Standard Views of Rationality in Civic Conversations

Hannah Arendt’s political theory of engaged citizenry

The standard view of rationality in civic conversations does not take into account people’s strongly felt collective and personal identities. The standard view of rationality is best traced to the renowned philosophers Hannah Arendt, Jürgen Habermas, and John Rawls. These influential philosophers theorized that civic conversations were essential for cultivating rationally engaged democratic citizenry.

Consider Hannah Arendt’s political theory of engaged citizenry. Arendt theorized that debate and discussion would enlarge citizens’ perspectives and help form opinions that could claim more than just subjective validity (Arendt, 1961, p. 241). For Arendt, the validity of an opinion or judgment depended on a person’s ability to think ‘representatively,’ so they could look at the world from a number of different perspectives.

So, according to Arendt’s political theory of engaged citizenry, it was essential for citizens to meet to deliberate matters of public concern. For Arendt, civic conversation was the best form of citizens’ power because it rested on rational persuasion that would result in impartial judgment (d'Entreves, 1993).

Jürgen Habermas's theory of public debate

The philosopher Jürgen Habermas also believed in the power of discussion and rationality for overcoming subjective dogmatism. Habermas’ work focused on the importance of public civic dialogues for fostering rational critical discourse (Habermas, 1962/1989, p. 52).

Habermas asserted that people could propose or accept or reject each other’s claims to truth and rightness on the basis of a ‘rational better argument’ — through persuasion, reason and logic — and that people should be motivated only by a wish to achieve mutual understanding. According to Habermas, the public sphere where such ideal communicative dialogues could take place could then serve as a model of free and open public discussion within liberal democratic societies.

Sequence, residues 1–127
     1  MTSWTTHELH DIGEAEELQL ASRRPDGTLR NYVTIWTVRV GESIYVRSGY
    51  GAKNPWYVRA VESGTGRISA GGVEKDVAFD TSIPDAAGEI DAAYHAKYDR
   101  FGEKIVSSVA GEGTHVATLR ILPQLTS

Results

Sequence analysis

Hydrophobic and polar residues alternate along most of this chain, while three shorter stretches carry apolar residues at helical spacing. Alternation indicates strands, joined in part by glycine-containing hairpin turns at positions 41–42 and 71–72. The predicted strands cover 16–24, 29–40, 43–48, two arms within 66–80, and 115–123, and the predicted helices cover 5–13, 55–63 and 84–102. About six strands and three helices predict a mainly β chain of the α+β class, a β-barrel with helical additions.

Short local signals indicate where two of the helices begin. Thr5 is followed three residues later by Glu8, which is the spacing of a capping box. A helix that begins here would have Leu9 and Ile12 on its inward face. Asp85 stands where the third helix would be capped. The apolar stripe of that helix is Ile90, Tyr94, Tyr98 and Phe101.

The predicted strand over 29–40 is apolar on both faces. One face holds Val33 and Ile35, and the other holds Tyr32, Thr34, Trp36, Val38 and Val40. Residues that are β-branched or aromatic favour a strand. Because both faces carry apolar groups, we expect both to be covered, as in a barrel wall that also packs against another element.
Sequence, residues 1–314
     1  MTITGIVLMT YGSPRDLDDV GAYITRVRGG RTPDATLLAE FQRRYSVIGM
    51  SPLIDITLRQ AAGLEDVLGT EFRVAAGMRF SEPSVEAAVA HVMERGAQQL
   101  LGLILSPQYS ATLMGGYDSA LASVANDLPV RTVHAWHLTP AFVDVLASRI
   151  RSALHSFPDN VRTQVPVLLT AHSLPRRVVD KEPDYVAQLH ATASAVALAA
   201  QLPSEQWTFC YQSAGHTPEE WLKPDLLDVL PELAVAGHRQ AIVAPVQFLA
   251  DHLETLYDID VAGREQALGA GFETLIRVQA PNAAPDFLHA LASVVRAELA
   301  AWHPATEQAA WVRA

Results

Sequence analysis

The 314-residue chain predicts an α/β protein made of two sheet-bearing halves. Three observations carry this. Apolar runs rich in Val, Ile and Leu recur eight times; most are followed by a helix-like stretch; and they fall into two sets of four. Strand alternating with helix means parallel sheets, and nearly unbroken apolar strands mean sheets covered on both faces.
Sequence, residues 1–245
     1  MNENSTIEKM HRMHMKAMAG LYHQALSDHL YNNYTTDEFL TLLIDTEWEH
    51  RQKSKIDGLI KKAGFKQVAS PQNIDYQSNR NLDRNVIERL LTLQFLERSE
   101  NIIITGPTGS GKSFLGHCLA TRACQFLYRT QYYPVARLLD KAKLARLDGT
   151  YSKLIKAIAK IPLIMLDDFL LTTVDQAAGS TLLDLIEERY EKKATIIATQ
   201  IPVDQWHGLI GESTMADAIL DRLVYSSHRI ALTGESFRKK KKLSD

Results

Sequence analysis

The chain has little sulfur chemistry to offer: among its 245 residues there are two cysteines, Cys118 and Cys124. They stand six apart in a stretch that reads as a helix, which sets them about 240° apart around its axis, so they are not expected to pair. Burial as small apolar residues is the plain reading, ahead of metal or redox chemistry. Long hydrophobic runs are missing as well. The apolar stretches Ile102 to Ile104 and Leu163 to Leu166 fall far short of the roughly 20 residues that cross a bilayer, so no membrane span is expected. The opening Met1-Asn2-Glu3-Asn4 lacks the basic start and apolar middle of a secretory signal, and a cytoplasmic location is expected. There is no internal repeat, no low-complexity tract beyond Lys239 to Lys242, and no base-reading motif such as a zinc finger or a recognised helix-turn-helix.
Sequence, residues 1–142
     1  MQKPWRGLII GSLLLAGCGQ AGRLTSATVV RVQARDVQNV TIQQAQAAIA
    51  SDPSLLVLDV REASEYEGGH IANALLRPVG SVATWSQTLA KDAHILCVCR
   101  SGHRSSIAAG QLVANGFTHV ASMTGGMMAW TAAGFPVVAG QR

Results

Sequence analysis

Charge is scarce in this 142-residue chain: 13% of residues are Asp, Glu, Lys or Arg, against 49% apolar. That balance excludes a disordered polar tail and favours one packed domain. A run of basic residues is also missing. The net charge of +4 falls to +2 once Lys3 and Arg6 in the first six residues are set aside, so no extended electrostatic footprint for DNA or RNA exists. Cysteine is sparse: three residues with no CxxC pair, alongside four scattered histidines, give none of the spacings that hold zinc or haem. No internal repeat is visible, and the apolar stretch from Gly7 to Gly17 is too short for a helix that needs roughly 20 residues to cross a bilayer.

John Rawls's theory of justice

Lastly, like Arendt and Habermas, John Rawls, the renowned moral and political philosopher, also emphasized the importance of civic conversations. However, unlike Arendt and Habermas, Rawls questioned whether civic conversations actually resulted in objective opinions. Rawls claimed that people were limited in their abilities to reason and to be objective and unbiased (Rawls, 1971, p. 314).

To address these limitations, Rawls posited that what was needed in civic conversations were “… a set of rules well-designed to bring to bear the greater knowledge and reasoning powers of the group so as best to approximate if not to reach the correct judgment” (Rawls, 1971, p. 315).

For Rawls, a set of rules would guarantee that people be rational, impartial and able to assume a viewpoint and position where their self-interests were not considered. Rawls stated: “Impartiality prevents distortions of bias and self-interest;... (Rawls, 1971, p.163). Rawls called the set of rules the “original position.”

Briefly, Rawls’ original position asks people to imagine themselves in the place of free and equal persons who agree upon principles of justice. The main aspect of the original position is “the veil of ignorance.” To ensure impartiality of judgment, people are ignorant of all knowledge of their personal qualities and social and historical backgrounds. They do not know their place in society, their class or social status; nor do they know their abilities, their level of intelligence or economic standing and the like (Stanford Encyclopedia of Philosophy).